On September 11, 2018, the Illinois Department of Revenue proposed emergency regulations to implement Illinois’s remote seller law. The Illinois remote seller law requires vendors with more than $100,000 in sales or 200 or more separate transactions into Illinois to register and collect sales tax beginning October 1, 2018. For remote sellers determining whether to register and begin collecting sales tax in Illinois, these emergency regulations more clearly articulate how to determine whether the two statutory thresholds are satisfied.
Following the U.S. Supreme Court’s Wayfair decision and Illinois Public Act 100-0587 (eff. June 4, 2018) (35 ILCS 105/2), expanding the statutory definition of a “retailer maintaining a place of business in [Illinois]” for purposes of state use tax, the Illinois Department of Revenue filed on September 11, 2018 with the Illinois Secretary of State emergency regulations. The emergency regulations are effective upon filing and require remote sellers who have for a preceding 12-month period either (1) generated cumulative gross receipts from Illinois sales of $100,000 or more, or (2) completed 200 or more separate Illinois transactions, to collect and remit Illinois use tax for sales made on or after October 1, 2018.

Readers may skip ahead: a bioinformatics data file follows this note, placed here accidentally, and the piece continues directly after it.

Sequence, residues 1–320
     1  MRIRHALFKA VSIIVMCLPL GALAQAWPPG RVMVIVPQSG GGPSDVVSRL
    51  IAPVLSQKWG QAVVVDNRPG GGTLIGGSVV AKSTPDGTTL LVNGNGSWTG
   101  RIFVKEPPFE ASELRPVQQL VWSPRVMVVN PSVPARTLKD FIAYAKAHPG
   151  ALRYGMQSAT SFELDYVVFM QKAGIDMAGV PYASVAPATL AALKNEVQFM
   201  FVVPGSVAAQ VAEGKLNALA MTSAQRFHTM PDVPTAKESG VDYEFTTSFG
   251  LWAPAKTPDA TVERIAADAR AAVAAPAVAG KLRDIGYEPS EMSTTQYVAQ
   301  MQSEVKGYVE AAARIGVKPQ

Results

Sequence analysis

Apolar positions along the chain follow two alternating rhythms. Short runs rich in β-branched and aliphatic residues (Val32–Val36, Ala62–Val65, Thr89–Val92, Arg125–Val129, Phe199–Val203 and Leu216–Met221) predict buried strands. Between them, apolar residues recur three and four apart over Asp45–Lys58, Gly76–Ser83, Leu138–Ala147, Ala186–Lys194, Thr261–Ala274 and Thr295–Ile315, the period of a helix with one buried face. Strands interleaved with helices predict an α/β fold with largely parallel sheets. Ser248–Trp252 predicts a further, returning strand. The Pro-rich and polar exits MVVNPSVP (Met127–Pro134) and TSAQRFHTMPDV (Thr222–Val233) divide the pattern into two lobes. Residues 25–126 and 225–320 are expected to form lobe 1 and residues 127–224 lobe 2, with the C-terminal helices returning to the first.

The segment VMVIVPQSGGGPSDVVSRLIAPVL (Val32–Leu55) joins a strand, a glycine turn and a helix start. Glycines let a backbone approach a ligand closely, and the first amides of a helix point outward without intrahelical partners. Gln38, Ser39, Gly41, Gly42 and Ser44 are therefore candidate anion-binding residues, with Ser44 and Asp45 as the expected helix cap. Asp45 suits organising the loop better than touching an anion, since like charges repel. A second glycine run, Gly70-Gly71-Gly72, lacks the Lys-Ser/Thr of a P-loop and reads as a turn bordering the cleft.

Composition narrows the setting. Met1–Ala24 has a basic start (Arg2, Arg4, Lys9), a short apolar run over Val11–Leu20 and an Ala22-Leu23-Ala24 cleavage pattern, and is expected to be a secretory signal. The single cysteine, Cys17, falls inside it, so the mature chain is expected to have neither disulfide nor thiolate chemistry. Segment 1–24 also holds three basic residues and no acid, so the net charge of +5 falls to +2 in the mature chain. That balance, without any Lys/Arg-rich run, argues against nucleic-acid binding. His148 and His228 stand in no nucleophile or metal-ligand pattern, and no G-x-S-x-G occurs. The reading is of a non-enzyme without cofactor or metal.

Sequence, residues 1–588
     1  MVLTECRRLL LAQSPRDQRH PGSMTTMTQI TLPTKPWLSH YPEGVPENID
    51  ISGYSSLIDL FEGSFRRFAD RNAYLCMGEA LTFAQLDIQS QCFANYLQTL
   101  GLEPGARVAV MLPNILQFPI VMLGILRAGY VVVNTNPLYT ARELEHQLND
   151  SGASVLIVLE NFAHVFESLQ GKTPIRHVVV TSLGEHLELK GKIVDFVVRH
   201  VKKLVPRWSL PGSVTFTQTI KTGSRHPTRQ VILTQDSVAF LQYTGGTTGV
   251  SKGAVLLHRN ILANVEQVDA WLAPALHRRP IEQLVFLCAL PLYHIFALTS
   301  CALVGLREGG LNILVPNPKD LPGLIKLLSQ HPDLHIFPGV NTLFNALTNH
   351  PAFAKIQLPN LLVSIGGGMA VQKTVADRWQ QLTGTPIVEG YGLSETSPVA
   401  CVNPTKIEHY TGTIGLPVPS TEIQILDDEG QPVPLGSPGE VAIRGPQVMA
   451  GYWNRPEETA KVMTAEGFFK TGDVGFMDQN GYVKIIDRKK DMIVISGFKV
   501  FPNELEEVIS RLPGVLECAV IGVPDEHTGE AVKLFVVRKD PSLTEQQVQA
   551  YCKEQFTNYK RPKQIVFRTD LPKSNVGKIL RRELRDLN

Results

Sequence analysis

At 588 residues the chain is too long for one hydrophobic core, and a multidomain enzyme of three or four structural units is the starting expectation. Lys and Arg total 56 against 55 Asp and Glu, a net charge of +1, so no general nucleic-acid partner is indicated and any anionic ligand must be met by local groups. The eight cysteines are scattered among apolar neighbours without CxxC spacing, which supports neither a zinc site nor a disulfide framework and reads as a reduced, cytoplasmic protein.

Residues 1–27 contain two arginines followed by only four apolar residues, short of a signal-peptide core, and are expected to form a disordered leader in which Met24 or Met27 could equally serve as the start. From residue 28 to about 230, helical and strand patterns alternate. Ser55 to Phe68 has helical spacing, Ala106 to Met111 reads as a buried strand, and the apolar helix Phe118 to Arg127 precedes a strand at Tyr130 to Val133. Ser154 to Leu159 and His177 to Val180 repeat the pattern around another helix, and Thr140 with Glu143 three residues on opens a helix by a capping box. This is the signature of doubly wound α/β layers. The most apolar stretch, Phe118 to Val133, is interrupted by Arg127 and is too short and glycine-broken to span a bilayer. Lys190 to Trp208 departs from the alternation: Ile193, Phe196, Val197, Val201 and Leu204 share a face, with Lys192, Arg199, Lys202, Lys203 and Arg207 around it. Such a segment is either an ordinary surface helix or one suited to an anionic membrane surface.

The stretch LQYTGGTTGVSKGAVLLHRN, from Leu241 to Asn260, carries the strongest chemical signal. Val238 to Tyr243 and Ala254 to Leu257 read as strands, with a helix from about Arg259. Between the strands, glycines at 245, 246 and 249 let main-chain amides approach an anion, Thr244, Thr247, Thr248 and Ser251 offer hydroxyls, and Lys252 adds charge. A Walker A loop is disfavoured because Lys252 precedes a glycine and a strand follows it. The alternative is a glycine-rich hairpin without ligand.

For the October 1, 2018 use tax collection start date, remote retailers are to review their Illinois gross receipts and transactions for the period September 1, 2017 through August 31, 2018. For this 12-month period, if a remote retailer satisfies either the $100,000 or 200 transaction thresholds, then the retailer is required to register, collect, remit and file Illinois use tax returns with the state for one-year. At the end of that year, the remote seller should again review its Illinois sales to determine if it meets either Illinois nexus threshold. If the remote retailer does not satisfy either nexus threshold (and does not otherwise have nexus with Illinois), then the remote seller may de-register with the Department and stop collecting use tax, but is required to determine thereafter on a quarterly basis (i.e., the last day of March, June, September and December) based on the immediately preceding 12-month period, whether it has nexus and is therefore obligated to again start collecting Illinois use tax.
The Department has published on its website sales tax guidance for remote sellers, including informational bulletin FY 2019-05 (Aug. 2018), responses to Frequently Asked Questions and a very helpful remote seller taxability matrix. See http://www.tax.illinois.gov/News/RemoteSellerInformation.htm
The emergency regulations remain in effect for 150 days (i.e., until February 8, 2019), unless replaced earlier with permanent regulations.